The number of people in the United States infected by mosquito, tick, and flea-transmitted diseases have tripled, increasing from 27,388 cases in 2004 to 96,075 in 2016, according to a new report from the Centers for Disease Control. Since 2004, nine insect-borne diseases have also been discovered or introduced into the U.S., seven of which are carried by ticks.
In total, more than 640,000 cases of mosquito, tick, and flea-borne diseases were reported to the CDC between 2004 and 2016. Infections spiked in 2016, increasing 73 percent from 2015, due to the Zika epidemic. Cases of Lyme disease doubled from 2004, with 36,429 reported cases in 2016. Lyle R. Petersen, the CDC’s director of vector-borne diseases, however, told The New York Times the numbers for Lyme are likely far larger. The CDC estimates 300,000 Americans that get Lyme disease every year, nearly 10 times the number of diagnoses reported.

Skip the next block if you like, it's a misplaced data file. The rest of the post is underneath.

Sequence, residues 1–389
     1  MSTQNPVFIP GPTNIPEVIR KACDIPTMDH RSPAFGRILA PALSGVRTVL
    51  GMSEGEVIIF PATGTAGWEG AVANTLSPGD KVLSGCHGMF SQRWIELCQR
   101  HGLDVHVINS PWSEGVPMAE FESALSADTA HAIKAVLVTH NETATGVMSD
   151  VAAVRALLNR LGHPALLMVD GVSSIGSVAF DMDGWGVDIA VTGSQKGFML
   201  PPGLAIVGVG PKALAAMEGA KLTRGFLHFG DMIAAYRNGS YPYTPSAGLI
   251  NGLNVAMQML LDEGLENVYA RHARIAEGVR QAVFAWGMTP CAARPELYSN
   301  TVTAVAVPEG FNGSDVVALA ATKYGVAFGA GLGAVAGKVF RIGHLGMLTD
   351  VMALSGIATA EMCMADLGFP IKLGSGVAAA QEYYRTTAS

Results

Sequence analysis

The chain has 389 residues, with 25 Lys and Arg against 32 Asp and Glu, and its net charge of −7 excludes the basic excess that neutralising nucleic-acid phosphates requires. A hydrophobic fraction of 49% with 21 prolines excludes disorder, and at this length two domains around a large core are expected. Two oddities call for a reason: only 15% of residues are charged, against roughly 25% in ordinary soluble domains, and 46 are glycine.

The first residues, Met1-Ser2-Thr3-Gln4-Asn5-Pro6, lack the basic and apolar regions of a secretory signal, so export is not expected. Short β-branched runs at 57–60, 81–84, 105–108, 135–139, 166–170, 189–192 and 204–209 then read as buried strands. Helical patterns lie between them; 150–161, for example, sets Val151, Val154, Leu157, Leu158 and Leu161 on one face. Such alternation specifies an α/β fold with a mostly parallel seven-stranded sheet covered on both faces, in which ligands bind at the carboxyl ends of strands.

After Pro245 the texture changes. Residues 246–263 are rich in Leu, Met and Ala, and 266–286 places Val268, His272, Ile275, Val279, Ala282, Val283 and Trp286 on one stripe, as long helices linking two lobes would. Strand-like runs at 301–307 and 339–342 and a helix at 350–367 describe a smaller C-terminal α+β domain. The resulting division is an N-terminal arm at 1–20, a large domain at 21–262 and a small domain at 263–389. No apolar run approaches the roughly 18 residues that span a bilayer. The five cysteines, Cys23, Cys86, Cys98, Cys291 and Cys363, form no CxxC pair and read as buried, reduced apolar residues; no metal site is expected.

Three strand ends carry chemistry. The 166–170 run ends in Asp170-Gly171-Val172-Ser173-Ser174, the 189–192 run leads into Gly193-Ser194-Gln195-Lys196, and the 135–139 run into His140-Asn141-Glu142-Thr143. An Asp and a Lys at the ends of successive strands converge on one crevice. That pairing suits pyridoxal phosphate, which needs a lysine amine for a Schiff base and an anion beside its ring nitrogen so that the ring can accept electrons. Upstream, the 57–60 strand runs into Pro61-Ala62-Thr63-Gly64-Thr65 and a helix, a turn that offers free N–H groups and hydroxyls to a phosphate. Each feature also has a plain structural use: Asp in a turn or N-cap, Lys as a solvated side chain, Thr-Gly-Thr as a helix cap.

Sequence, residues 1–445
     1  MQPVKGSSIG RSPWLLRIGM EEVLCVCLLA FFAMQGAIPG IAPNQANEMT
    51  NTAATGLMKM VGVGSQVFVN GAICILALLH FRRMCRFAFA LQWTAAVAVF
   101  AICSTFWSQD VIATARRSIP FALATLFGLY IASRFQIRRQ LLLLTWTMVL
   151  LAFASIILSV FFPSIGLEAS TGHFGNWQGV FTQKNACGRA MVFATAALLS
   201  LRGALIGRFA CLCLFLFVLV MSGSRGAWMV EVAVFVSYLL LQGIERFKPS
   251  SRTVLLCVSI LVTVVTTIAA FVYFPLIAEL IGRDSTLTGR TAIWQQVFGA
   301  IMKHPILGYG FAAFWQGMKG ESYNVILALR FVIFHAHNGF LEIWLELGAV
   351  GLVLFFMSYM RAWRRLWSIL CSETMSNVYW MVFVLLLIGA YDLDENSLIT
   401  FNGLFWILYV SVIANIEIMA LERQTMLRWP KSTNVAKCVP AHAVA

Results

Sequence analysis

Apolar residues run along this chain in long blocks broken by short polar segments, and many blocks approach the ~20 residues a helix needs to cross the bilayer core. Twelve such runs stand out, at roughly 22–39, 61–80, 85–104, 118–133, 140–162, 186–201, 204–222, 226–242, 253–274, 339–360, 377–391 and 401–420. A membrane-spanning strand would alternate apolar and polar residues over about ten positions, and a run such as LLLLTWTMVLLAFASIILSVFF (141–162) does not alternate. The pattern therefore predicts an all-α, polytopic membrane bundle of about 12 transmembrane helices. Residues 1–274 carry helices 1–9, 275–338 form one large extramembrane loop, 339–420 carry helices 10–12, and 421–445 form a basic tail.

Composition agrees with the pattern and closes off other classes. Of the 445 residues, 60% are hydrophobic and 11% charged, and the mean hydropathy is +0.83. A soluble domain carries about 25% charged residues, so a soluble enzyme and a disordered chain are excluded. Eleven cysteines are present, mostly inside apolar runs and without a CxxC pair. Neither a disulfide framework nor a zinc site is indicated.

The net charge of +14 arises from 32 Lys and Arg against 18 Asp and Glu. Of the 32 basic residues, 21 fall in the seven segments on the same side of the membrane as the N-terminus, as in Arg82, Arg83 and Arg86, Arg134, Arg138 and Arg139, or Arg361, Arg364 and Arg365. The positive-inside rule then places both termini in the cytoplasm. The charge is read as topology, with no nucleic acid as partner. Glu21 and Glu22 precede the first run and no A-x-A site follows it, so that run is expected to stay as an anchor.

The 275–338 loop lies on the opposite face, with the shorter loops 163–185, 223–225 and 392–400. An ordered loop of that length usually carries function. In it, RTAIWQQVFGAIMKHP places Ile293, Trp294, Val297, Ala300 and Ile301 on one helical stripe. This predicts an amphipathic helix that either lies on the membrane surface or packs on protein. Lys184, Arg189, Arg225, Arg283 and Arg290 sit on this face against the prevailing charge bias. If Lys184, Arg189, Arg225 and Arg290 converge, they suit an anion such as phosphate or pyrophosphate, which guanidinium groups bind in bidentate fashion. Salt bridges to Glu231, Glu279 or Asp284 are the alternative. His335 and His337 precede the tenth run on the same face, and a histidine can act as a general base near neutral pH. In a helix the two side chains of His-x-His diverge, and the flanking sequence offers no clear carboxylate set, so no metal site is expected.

The new report does not mention climate change or global warming, but Petersen told Reuters that warmer, shorter winters have helped boost the populations of ticks, mosquitos, and other disease-carrying insects in recent years. “It enables these ticks to expand to new areas. Where there are ticks, there comes diseases,” he said. In addition, increasing summer temperatures and heavy rain events that leave behind standing pools of water encourage mosquito breeding. Other factors include increases in the number of people traveling internationally, suburban reforestation, and a lack of new vaccines being developed.